An upswing in the oil price has brought renewed optimism to the North Sea, along with a wave of fresh recruitment in oil and gas. David Fowler reports.
A dramatic drop in the price of oil, from $115/barrel in June 2014 to a low of less than $30/barrel in early 2016, had serious consequences for the UK offshore oil and gas industry. Exploration and development of wells, investment and jobs were all badly hit. With the recovery of the price of Brent Crude last year, on the way to over $70/barrel in January and the current price of around $65/barrel, and following successful efforts to bring production costs down, there are signs of renewed confidence.
In its outlook for the sector last year, trade body Oil & Gas UK said “the upturn in oil price has coincided with signs of confidence returning to the basin” and noted “within two years, the sector has halved its average unit operating costs”.
At the end of January, BP announced two new discoveries: Capercaillie in the central North Sea, and Achmelvich, west of Shetland, and hopes to double its North Sea production. Its Clair Ridge field is due to come into production this year.
Also last month Shell approved plans to develop the Penguins field north of Shetland, authorising the construction of a floating production, storage and offloading vessel, the first new manned installation for Shell in the northern North Sea in almost 30 years. The development is expected to have a break-even price below $40/barrel.
And Spirit Energy, the exploration and production joint venture formed last year by Centrica and Bayerngas Norge of Germany, announced that it will drill a new well at the Chiswick field in the southern North Sea to bring around a further 50 billion cubic feet of gas on stream in a £75m investment.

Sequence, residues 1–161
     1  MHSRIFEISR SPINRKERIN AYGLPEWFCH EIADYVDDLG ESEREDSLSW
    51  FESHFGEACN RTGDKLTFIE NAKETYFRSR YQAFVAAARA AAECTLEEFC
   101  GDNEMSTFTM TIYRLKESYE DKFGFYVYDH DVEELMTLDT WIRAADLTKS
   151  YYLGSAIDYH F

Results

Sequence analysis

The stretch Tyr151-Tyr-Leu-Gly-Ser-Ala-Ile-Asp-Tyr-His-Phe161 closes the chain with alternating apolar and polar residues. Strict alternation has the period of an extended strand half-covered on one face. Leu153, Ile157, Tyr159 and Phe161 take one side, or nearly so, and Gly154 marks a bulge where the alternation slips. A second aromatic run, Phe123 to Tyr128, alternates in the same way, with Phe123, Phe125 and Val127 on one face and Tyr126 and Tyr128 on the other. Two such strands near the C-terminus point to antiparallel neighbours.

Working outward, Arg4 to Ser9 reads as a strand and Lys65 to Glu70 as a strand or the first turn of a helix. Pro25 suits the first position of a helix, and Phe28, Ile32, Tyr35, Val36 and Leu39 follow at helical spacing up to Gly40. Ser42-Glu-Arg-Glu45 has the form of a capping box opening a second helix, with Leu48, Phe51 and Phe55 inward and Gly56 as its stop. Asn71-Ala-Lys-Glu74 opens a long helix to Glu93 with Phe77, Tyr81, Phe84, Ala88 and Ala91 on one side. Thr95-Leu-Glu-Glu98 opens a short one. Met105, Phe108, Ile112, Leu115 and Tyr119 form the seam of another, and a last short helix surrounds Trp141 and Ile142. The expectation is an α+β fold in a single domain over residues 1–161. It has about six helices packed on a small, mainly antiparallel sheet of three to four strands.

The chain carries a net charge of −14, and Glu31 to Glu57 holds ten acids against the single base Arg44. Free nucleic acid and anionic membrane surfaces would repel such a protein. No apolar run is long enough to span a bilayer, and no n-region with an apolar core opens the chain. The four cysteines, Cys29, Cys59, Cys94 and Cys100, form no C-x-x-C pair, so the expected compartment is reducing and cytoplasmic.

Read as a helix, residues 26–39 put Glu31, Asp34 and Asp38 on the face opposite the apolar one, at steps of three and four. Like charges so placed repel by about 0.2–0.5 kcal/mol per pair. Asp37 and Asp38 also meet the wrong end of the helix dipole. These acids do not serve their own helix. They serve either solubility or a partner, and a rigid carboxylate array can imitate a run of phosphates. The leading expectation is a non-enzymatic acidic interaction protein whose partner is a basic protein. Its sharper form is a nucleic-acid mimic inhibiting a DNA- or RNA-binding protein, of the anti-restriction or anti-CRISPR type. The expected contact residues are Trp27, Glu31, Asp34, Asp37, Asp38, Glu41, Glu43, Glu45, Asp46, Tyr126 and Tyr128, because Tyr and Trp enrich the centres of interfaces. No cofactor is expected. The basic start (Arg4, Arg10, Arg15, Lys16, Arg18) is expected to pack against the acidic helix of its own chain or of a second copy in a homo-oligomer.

What does this mean for skills and recruitment? Though the oil and gas industry’s workforce shrank from 450,000 in 2014 to 330,000 in 2016, Oil & Gas UK said in its annual report that “the largest reductions may be behind us”. Some smaller companies in the supply chain, often driven by technological innovation, were increasing their headcount.
Simon Bartington, a director at recruitment agency CBS Butler 360, with over 20 years’ experience in the offshore industry, says that 2014’s downturn “put the brakes on recruitment and investment overnight. The industry drew in its horns and looked at assets and its return on investment”.
The downturn had one positive effect, however. The industry looked closely at cost-reduction measures. This included “quite a bit of investment in software systems and advanced process control”, said Bartington, and this helped to make small but cumulatively significant increases in yields .“Costs have been reduced quite considerably,” he said. “When the price started to bounce back, companies found they were now making quite a decent profit.”
“Now that the oil price has passed the threshold of $50/barrel,” he added, “exploration is starting again. We’re seeing a lot of pressure now to get production up and running.”
What we all want is stability: when we look at projects which are five, ten or 15 years in maturation, stability is a key aspect
Dean Marks, Spirit Energy
The numbers employed in the North Sea are set to rise, he anticipates. Today’s installations do not require the same level of personnel to operate them as in the past, “but there is going to be an increase in the North Sea sector”.
Spirit Energy HR director Dean Marks said: “I think everyone from the sector will agree that the oil price rising above $60 is a good thing.” But he added: “What we all want is stability: when we look at projects which are five, ten or 15 years in maturation, stability is a key aspect.”
Though UK oil and gas had suffered a few years of low prices and shedding jobs, he said, “I believe the industry can offer exciting opportunities for a whole range of disciplines”, from engineering to geologists and geophysicists, and the technical and business functions that support them.
CBS Butler’s Bartington said that over two decades there had been a change in the balance of skills required by the industry. Skills now being sought are more biased towards control and instrumentation, automation and process control. “Given a lot of the technology now available, fields in the North Sea can be managed remotely from Houston,” he said. Skills in IT and telecommunications are also sought-after: with installations increasingly being networked, cybersecurity to protect operations from disruption is becoming vitally important.